Police probe Edinburgh Fringe flats con website

Cameron Shiels was scammed out of �280. Picture: Ian Georgeson
Cameron Shiels was scammed out of �280. Picture: Ian Georgeson
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Police have launched a criminal investigation into an online scam that conned Festival-goers out of their flat deposits.

People paying for rental properties via fake company Fringe Flats lost their deposits as none of the accommodation advertised on its now defunct website belonged to it.

Greater Manchester Police (GMP) officers last night confirmed the probe, revealing they believe the offences were carried out in their area.

A spokesman said they had received “several” allegations about the website.

He added: “Information received from the National Fraud Intelligence Bureau has suggested the offences were committed in the Manchester area, therefore Greater Manchester Police has taken a lead on the investigation.”

It is believed officers from Police Scotland are assisting the operation.

We exclusively revealed in July how Hawick civil servant Cameron Shiels was among a suspected list of more than 50 people to lose money after paying to rent a property through www.fringeflats.co.uk, only for the website to disappear.

East Midlands couple Susan Williams and Gordon Napier today told the Evening News how they were cheated out of £520 after paying to book a two-bedroom Edinburgh flat for a week through the site.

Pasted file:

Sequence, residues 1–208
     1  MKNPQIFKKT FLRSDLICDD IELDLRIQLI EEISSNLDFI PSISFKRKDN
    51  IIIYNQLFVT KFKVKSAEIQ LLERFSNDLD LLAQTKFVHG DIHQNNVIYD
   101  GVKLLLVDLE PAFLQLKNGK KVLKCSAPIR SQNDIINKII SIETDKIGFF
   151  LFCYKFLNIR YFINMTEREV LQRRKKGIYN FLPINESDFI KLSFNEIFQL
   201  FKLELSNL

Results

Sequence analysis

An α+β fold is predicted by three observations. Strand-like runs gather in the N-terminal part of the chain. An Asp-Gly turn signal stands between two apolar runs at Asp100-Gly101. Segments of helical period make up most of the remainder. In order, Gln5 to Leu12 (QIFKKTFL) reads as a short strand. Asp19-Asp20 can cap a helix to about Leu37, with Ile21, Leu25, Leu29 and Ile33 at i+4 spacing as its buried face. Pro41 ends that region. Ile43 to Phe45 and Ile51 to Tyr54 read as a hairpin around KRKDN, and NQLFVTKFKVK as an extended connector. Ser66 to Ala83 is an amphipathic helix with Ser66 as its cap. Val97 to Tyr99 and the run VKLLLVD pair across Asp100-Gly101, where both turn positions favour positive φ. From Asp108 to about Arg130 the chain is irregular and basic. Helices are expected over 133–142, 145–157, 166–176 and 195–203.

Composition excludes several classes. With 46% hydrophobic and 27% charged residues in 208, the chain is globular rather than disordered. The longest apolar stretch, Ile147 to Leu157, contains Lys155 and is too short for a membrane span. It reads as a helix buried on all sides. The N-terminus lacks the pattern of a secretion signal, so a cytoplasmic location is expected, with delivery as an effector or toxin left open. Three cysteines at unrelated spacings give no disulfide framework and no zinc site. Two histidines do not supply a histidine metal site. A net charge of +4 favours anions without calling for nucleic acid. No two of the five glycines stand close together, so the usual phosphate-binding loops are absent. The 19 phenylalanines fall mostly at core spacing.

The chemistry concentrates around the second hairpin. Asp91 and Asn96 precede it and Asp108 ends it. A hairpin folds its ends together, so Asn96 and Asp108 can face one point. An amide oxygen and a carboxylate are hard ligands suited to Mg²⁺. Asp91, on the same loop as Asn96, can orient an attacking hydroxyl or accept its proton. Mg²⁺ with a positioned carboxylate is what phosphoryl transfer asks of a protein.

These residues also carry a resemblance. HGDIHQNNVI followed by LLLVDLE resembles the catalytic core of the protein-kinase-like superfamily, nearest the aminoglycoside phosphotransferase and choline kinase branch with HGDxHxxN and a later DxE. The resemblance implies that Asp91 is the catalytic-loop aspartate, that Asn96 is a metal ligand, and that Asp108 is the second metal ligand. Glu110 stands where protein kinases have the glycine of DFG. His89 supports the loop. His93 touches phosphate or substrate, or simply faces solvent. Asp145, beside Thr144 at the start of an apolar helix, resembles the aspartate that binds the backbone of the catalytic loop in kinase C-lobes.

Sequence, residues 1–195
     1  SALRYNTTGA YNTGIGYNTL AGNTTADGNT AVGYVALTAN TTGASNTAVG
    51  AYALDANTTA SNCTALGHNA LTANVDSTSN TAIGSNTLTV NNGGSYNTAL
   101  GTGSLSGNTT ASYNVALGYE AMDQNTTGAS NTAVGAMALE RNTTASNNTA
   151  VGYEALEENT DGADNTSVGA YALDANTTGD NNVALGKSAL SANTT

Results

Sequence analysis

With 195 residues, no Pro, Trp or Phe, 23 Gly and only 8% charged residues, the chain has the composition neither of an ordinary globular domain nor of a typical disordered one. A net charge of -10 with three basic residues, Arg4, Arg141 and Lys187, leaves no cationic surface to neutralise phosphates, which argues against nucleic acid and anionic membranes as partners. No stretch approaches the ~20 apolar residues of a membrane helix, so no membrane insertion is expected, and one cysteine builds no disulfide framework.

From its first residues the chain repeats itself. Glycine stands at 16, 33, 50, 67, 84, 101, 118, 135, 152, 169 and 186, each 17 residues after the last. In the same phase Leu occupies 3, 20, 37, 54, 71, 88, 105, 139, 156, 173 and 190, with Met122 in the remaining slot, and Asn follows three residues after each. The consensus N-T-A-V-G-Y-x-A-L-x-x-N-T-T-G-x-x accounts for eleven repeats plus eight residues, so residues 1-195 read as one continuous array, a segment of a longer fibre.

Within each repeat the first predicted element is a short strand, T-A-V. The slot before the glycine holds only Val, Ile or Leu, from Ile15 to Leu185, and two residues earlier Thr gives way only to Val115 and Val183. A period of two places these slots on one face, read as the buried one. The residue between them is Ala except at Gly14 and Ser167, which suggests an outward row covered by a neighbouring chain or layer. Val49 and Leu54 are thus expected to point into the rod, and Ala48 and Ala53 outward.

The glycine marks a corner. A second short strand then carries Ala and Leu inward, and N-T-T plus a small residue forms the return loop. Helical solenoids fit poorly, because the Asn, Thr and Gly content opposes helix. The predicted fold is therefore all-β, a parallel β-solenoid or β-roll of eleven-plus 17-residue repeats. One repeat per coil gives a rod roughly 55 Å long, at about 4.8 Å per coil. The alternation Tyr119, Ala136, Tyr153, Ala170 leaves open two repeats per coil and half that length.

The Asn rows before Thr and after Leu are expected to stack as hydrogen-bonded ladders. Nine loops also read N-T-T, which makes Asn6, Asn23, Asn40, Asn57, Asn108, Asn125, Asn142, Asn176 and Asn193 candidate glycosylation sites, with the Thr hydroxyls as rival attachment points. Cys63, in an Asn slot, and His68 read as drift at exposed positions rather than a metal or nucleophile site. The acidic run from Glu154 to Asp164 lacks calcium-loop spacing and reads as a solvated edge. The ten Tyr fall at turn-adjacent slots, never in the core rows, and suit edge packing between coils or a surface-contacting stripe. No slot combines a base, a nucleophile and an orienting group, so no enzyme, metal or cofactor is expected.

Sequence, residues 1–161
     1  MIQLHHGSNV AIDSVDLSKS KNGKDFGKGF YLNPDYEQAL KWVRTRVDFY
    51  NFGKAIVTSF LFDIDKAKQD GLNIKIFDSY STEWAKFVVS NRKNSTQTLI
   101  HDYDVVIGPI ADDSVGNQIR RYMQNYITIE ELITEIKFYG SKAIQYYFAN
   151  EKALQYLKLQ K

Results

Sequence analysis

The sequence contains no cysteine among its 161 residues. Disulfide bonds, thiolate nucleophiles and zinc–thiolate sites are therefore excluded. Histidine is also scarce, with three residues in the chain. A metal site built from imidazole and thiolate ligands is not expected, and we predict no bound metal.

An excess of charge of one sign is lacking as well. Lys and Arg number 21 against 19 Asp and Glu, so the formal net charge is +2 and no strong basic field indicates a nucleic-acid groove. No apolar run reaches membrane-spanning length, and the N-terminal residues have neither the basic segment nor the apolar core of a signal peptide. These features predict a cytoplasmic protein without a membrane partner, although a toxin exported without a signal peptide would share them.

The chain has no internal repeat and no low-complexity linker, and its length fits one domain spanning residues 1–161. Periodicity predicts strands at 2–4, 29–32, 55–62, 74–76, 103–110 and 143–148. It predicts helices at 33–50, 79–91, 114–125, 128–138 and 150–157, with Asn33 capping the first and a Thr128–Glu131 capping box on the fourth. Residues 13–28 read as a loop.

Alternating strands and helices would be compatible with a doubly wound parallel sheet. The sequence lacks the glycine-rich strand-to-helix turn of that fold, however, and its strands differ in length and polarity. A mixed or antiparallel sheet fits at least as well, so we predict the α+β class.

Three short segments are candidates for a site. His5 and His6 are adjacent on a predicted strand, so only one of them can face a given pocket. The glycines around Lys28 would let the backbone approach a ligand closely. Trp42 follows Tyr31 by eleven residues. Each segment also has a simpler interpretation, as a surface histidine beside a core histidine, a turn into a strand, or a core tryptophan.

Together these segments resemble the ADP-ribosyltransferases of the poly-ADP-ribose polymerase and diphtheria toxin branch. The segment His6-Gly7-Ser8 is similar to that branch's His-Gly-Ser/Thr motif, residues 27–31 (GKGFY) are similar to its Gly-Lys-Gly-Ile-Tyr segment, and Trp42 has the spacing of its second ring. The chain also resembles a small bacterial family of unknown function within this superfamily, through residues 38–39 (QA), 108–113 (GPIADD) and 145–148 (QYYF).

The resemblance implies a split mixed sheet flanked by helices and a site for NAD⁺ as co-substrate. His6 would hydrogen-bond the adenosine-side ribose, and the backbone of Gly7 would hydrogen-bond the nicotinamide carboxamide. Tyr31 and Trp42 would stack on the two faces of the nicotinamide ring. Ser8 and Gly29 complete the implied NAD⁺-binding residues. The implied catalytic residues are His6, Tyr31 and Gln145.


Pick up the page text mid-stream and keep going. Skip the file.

The pair, both in their 60s, have received written confirmation from GMP that an investigation is under way.

A letter from Detective Chief Inspector Richard Jackson said: “We will be launching a criminal investigation and you will be contacted by an officer who will be allocated to your case.”

Ms Williams, 64, said they made their booking on June 27, with the plan of visiting Edinburgh during the final week of the Festival.

She said: “It’s very difficult to get accommodation in Edinburgh and someone we knew said they’d seen this
website.

“It was clever in that they didn’t offer us the first flat we went for. They had some partial availability on some weeks. The correspondence was very chatty.”

The alarm bells sounded when they returned from a holiday at the end of July – still without a confirmation e-mail for their booking.

“We’d phoned and left messages,” Ms Williams said.

“There had been a voicemail from them – again very plausible – but you think that it’s summer holidays and people could be away. When we got back and checked, the website had disappeared.”